Contingent Communities: Regional Ethnic Mobilization in the Yeltsin Era

in Russian History
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Scholars disagree regarding the interests and impulses that drive secessionist ethnic nationalism. In Constructing Grievance: Ethnic Nationalism in Russia’s Republics, Elise Giuliano argues that, in the first decade of the Russian Federation’s independence, nationalist groups that highlighted economic discrimination by ethnic Russians against titular ethnic minorities were more able to spark ethnic and territorial separatist demands. She argues that the precise nature of economic experience, where often the actual economic discrimination was more ambiguous than that perceived, was less important than the nationalist groups’ message. In all, this book offers a compelling counterpoint to other work on ethnic separatism in Russia, which has emphasized long-standing historical grievances, institutional legacies, and the interests of political entrepreneurs rather than public interests.

References

1)

Charles King, Extreme Politics: Nationalism, Violence, and the End of Eastern Europe (Oxford: Oxford University Press, 2010), 37.

2)

Stuart Kaufman, The Symbolic Politics of Ethnic War (Ithaca: Cornell University Press, 2001).

3)

Monica Duffy Toft, The Geography of Ethnic Violence: Identity, Interests, and the Indivisibility of Territory (Princeton: Princeton University Press, 2003).

4)

 See, for example, Valerie Bunce, Subversive Institutions: The Design and the Destruction of Socialism and the State (Cambridge: Cambridge University Press, 1999); Svante Cornell, “Autonomy as a Source of Conflict: Caucasian Conflicts in Theoretical Perspective,” World Politics 54, no. 2 (January 2002): 245-276; and Philip Roeder, “Soviet federalism and ethnic mobilization,” World Politics 43, no. 2 (January 1991): 196-232.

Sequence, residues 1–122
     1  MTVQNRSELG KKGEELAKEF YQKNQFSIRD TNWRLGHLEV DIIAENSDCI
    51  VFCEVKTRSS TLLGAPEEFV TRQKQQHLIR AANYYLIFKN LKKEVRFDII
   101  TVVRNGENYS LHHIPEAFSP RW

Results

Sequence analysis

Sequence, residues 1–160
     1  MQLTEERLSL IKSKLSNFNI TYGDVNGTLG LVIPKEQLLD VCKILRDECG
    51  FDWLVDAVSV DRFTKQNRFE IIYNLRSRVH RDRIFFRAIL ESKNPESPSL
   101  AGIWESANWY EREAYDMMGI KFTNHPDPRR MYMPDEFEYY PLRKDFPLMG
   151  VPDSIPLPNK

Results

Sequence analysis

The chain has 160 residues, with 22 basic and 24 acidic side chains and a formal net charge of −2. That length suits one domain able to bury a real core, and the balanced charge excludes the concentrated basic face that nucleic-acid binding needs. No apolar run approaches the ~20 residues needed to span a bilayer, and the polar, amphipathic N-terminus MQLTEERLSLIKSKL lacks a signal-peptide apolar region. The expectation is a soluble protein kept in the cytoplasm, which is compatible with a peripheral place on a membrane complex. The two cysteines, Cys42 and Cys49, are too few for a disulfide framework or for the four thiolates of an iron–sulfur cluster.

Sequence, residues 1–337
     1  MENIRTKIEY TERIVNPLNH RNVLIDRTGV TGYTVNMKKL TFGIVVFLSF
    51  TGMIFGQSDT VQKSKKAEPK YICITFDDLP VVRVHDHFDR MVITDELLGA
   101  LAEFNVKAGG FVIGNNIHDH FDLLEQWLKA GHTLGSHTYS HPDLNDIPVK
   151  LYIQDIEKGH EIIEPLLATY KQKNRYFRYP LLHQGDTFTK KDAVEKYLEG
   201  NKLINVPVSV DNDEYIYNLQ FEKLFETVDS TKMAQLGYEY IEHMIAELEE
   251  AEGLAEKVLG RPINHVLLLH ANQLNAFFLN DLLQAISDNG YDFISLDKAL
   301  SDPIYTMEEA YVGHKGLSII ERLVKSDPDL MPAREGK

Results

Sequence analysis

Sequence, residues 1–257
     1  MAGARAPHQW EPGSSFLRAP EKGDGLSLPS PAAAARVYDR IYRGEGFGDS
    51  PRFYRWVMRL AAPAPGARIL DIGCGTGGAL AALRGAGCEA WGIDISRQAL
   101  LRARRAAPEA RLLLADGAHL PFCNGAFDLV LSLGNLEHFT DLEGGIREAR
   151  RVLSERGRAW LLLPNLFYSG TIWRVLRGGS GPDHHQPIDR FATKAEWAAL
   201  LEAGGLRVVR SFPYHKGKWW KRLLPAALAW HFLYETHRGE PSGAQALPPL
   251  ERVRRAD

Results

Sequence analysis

5)

Rogers Brubaker, Nationalism Reframed: Nationhood and the National Question in the New Europe (Cambridge: Cambridge University Press, 1996).

6)

Jack Snyder, From Voting to Violence: Democratization and Nationalist Conflict (New York: W. W. Norton and Company, 2000).

8)

Ted Robert Gurr 1993, “Why Minorities Rebel: A Global Analysis of Communal Mobilization and Conflict since 1945,” International Political Science Review 14, no. 2 (April 1993): 161-201.

9)

John Dunlop, 1998, Russia Confronts Chechnya: Roots of a Separatist Conflict (Cambridge: Cambridge University Press, 1998).

10)

Charles King, “The Benefits of Ethnic war: Understanding Eurasia’s Unrecognized states,” World Politics 53, no. 4 (July 2001): 524-552.

11)

Rogers Brubaker, Ethnicity without Groups (Cambridge: Harvard University Press, 2006).

13)

Dmitry Gorenburg, Minority Ethnic Mobilization in the Russian Federation (Cambridge: Cambridge University Press, 2003).

14)

Elise Giuliano, Constructing Grievance: Ethnic Nationalism in Russia’s Republics (Ithaca: Cornell University Press, 2011). 147.

15)

Daniel Treisman, “Russia’s ‘Ethnic Revival’: The Separatist Activism of Regional Leaders in a Postcommunist Order,” World Politics, 49, no. 2 (January 1997): 212-249; Kathryn Stoner-Weiss, “Federalism and Regionalism,” in Developments in Russian Politics 4, Stephen White, Alex Pravda, and Zvi Y. Gitelman, eds. (Durham: Duke University Press, 1997), 229-250; and Henry Hale, “The Parade of Sovereignties: Testing Theories of Secessionism in the Soviet Setting,” British Journal of Political Science 30, no. 1 (September 2000): 31-56.

16)

Ernest Gellner, Nations and Nationalism (Ithaca: Cornell University Press, 1983) and Donald Horowitz, Ethnic Groups in Conflict (Berkeley: University of California Press, 1983).

17)

Giuliano, Constructing Grievance, 15.

18)

Giuliano, Constructing Grievance, 134.

19)

 See, for example, Valery Tishkov, Chechnya: Life in a War-Torn Society (Berkeley: University of California Press, 2004) and Matthew Evangelista, The Chechen Wars: Will Russia go the Way of the Soviet Union? (Washington, D.C.: The Brookings Institution, 2002).

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